West Coast
via University of California Santa Cruz Library Special Collections

CA - Gary Griggs, Our Ocean Backyard | What’s the Future for West Cliff?

West Cliff, whether the roadway or the sidewalk, or an often dusty wagon road in the old days, has been a favored Santa Cruz destination for more than a century.

Whether at sunrise or sunset, there are always people, young and old, locals and visitors, out enjoying West Cliff. And while many from out of town think they are looking west, which is a logical conclusion, with some reportedly asking if that land out there is Hawai’i, we are actually looking south toward the Monterey Peninsula.

We are all fortunate, unlike much of East Cliff and Opal Cliffs, that the original wagon road followed the cliff edge, and so, with one exception, all of the lots created and the homes subsequently built were on the inland side of what became West Cliff Drive. So everyone gets an unobstructed ocean view and access to the shoreline, whether just walking or climbing down to any of the pocket beaches or the tide pools. Along Opal Cliffs Drive, the homes were all built on the ocean side of the road, so views and access are much more restricted.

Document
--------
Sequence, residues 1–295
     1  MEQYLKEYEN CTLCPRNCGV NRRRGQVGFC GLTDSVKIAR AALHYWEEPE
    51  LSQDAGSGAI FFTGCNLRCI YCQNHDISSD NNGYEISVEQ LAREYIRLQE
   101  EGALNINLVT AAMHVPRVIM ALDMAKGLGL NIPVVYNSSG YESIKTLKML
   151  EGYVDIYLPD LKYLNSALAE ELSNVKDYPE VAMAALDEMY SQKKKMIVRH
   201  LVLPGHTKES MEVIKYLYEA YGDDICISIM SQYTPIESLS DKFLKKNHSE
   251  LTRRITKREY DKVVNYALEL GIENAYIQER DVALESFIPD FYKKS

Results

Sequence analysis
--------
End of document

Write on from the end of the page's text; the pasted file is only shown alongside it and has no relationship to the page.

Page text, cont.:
Through the years, however, the winter storms and large waves at times of high tides have taken their toll on the cliffs, as they have this past week. Natural Bridges State Beach is the most visible example, where what was originally known as Moore’s Beach, then Hall’s Beach, followed by Swanton Beach, has had two of its three natural bridges disappear in time. The outermost arch collapsed shortly after 1905, and the innermost fell on the night of Jan. 10, 1980. There have been at least a half a dozen others, however, including what was known as Crown Arch, which was a triple arch for a while near the end of Woodrow (formerly Garfield) that was frequently photographed with people standing or sitting on top.

Anyone who walks or bikes West Cliff often will have noticed that there are several areas where portions of the pedestrian/bike path have collapsed. This has not been lost on the city, which is now completing a two-year-long study culminating in a West Cliff Drive Management Plan.

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